Remind yourself it’s OK if you missed a workout. It’s OK you chose to leisurely walk your dog versus hop on the stair stepper for a sweaty session. You are inherently worthy of making that choice. It is done for your body and health — and is not a reflection of who you are as a person. (e.g. You aren’t lazy.)
Also, don’t forget to bring self-compassion, kindness and patience, during times of injury and illness, Kerulis adds. For example, if you’re injured or sick, your body will require rest in order to get better. It is not a sign of weakness, that you don’t have talent or that you won’t bounce back.
What movement do you love — like really love? Reflecting on that can help people who feel they’re overexercising, as well as those who have a negative relationship with exercise because they perceive it as one that’s punishing and, well, unfun.
“Exercise, by its nature and purpose, is challenging, so finding something that is enjoyable about exercise can decrease the negative perception and can actually help exercise feel like a reward,” Kerulis says.
Doing physical activity that feels rewarding and brings about joy — versus anxiety and shame — can help you stay active in ways that serve you better.
These are activities that make you feel great outside of the number on a fitness tracker or ticking off the next goal on your list. They are activities that you’d do anyway, even when you can’t “keep score.” Celebrating your ability to move and do the physical activities you really love can bring back that special spark.
“The solution may not be to stop exercise completely, but to approach and ‘do’ exercise differently,” Voelker says. Ask yourself: What are exercise opportunities I haven’t considered before?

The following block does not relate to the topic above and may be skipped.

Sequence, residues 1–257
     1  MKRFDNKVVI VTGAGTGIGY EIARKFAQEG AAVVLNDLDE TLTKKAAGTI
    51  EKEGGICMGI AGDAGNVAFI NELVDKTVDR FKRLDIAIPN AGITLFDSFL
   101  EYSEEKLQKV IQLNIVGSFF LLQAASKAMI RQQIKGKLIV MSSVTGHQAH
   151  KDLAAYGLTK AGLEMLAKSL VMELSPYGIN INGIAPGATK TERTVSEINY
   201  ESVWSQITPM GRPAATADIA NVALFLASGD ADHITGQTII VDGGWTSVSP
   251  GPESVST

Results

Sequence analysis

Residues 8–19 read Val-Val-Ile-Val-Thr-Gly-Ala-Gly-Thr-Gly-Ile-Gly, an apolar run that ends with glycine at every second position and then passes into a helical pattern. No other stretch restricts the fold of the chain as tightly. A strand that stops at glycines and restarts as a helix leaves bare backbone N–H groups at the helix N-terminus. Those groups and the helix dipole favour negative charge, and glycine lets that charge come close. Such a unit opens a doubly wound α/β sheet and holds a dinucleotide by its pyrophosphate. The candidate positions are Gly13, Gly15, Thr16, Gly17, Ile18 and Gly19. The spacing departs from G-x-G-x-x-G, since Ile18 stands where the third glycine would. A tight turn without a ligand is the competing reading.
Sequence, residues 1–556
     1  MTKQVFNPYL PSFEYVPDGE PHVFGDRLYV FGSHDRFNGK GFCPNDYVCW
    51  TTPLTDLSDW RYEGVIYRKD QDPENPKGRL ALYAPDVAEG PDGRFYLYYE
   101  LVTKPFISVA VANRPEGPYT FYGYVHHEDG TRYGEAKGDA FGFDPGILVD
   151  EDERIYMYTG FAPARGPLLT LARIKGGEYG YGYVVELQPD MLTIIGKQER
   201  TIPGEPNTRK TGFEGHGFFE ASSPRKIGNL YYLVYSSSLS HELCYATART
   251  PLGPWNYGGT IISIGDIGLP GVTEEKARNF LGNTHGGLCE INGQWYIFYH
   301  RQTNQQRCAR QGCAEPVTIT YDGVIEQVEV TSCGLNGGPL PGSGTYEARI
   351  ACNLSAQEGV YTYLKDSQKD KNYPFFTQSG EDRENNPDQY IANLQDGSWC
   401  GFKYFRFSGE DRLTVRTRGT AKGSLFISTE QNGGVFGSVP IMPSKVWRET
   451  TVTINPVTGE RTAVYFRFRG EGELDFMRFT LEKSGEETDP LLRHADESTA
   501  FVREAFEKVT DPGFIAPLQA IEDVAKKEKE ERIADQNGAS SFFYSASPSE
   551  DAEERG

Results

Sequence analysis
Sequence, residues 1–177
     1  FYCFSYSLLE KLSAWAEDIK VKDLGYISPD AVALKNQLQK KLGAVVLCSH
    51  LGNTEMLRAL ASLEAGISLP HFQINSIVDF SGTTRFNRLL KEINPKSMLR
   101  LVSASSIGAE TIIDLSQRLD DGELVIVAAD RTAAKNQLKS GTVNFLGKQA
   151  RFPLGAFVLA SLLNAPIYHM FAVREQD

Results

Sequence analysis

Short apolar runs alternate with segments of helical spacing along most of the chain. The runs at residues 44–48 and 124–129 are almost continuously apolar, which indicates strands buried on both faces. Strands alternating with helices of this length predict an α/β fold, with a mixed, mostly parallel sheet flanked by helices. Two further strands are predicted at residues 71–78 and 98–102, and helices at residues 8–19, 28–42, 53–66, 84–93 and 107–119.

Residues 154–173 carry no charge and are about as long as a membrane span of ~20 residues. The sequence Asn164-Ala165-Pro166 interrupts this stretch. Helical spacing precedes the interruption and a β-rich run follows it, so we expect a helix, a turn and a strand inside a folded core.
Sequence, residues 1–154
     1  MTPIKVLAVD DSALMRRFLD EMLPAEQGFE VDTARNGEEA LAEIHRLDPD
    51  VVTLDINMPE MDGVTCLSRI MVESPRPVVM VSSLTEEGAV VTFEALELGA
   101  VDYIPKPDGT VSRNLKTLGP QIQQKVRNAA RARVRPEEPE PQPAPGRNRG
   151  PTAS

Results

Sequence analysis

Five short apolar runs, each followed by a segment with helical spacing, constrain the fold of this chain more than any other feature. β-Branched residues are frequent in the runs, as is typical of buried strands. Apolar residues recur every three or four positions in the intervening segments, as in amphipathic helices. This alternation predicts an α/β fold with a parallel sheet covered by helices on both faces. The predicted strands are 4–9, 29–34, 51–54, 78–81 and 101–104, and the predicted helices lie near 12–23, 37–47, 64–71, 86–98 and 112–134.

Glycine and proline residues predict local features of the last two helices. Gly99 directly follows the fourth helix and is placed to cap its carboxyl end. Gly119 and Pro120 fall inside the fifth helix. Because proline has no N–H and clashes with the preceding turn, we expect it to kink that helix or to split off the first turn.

If you’re a runner, consider hiking a trail; if you like yoga, see if there are any outdoor yoga classes in your area. A change of environment can help make an activity that has become less enjoyable can reignite your love for it and make it more fun and interesting.
It’s hard to hear yourself through the chatter fitspo spits out.
“Exercise can feel like something you have to do to get closer to this socially constructed and impossible body ideal,” Voelker says.
Focus on being in the moment of your workout experience, rather than trying to chase after this type of abstract goal (that probably won’t bring happiness).
When you’re in a workout, notice the feeling of your heart pumping or the wind that blows through your hair as you run or ride your bike. Or look around in a class and make a note to appreciate how fired up you feel in this high-energy social environment.
While it’s difficult to uncouple exercising with “body goals,” know that you’re not alone. It’s important to keep in mind that your appearance isn’t a reflection of how fit or strong you are. For example, you don’t have to have six-pack abs to have a strong core.
Exercising in a healthy way has been shown to improve body image, according to a small July 2017 study in Psychology of Sport and Exercise. It makes you actually see your body differently, and physical activity also makes feel stronger, which increases your sense of accomplishment and empowerment. All of this can shift your perspective on your body to a more positive light.
Having an unhealthy relationship with exercise can affect how you go about your everyday life and can also be part of an eating disorder.
Some signs that exercise is negatively affecting the way you live your life are: turning down invitations to go out with friends in order to exercise, fearing something social will prevent from a scheduled workout and restricting foods because you haven’t burned enough calories through exercise.
In these cases, connecting with a licensed mental health professional can assist you in moving forward. “This person can help you process hard questions,” Voelker says.
5 Tips to Create a Fitness Routine That Supports Your Mental and Emotional Health